In October 1984, Dempsey brought an action against Mac Towing in Alabama state court seeking damages arising from the July 6, 1983, back injury. His complaint alleged that the injury was a proximate result of Mac Towing's negligence as well as the unseaworthiness of the vessel upon which he was working. Mac Towing removed the action to federal district court. In March 1987, Dempsey moved to consolidate his action against Mac Towing with the Jones Act action he had pending against Lone Star. In May 1987, the motion to consolidate was granted only for the purposes of trial.


The case was tried in April 1988. At the close of Dempsey's case, Mac Towing moved for directed verdicts on both the negligence and the unseaworthiness claims. These motions were renewed at the close of Mac Towing's case. The district court granted a directed verdict on Dempsey's unseaworthiness claim against Mac Towing, but submitted the claims of Jones Act negligence against both Mac Towing and Lone Star to the jury. The jury found Mac Towing liable for negligence and awarded Dempsey $300,000 in damages. They also found Lone Star liable for negligence but did not award Dempsey any damages. The district court found the verdict as to Lone Star irreconcilable, and resubmitted the verdict against Lone Star for reconsideration. The jury subsequently found Lone Star was not liable to Dempsey under the Jones Act. Mac Towing moved the district court for a new trial, pursuant to Fed.R.Civ.P. 59, and for entry of judgment notwithstanding the verdict, pursuant to Fed.R.Civ.P. 50. The district court denied these motions.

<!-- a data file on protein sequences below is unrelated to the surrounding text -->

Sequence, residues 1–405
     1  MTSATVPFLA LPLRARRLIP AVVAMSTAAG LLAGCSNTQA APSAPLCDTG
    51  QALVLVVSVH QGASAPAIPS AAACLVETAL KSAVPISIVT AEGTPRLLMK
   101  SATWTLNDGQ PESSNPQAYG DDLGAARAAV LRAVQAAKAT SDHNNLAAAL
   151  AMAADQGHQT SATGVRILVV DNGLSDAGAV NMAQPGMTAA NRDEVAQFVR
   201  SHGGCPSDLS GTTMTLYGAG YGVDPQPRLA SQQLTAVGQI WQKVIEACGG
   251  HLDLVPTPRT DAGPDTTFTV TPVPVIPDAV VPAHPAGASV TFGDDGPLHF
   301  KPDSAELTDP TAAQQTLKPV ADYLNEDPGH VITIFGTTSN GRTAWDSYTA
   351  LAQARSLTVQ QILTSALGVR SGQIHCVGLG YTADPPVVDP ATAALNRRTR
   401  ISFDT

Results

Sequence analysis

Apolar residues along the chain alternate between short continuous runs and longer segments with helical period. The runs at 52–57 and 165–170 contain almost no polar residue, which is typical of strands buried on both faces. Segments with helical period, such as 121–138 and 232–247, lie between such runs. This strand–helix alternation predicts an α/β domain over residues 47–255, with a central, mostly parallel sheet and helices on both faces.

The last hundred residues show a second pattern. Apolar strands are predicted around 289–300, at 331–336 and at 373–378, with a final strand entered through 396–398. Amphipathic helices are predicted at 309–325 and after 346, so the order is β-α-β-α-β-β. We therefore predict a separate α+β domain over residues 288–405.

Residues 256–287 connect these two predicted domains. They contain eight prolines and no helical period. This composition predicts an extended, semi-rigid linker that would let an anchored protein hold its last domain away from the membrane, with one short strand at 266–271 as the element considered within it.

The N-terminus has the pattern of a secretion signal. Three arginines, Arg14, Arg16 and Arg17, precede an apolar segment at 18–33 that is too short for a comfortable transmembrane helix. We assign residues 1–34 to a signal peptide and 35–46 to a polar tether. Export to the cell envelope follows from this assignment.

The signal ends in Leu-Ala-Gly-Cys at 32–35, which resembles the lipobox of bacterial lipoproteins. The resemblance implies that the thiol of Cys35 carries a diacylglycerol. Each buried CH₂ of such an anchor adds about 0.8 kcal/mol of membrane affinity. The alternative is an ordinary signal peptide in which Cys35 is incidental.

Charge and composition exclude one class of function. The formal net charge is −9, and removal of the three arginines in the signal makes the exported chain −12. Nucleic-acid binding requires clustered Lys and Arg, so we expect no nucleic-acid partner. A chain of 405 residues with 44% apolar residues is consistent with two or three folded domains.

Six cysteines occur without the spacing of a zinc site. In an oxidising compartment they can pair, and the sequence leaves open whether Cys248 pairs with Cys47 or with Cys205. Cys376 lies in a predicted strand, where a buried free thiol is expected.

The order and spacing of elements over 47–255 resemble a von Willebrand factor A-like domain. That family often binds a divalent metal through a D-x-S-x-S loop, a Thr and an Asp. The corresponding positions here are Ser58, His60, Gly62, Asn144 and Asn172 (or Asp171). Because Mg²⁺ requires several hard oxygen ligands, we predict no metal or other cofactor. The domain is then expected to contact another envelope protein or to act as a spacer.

On appeal, Mac Towing challenges the following actions by the district court before and during the trial: (i) granting Dempsey's motion for a continuance to allow him to retain an economist; (ii) denying Mac Towing's motion for a mistrial after inadmissible evidence was read to the jury, and (iii) the decision not to give three of Mac Towing's requested jury charges. Mac Towing also challenges the jury verdict, claiming that there was an absence of evidence of its negligence and that there was sufficient evidence to demonstrate Dempsey's contributory negligence. We consider each of appellant's claims in turn.1II. DISCUSSION

1. Conduct of the Trial

A. Granting of a Continuance

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Dempsey's complaint included a claim for lost future wages. Prior to the date set for trial, Dempsey neglected to retain an economist in order to prove the present value of his claim. On the day the trial was to begin, appellant moved in limine to preclude admission of any evidence of future wage loss as irrelevant in the absence of expert testimony which could prove the present value of Dempsey's future lost wages. The district court granted appellant's motion in limine, but also granted Dempsey's motion for a continuance to allow him to retain an economist.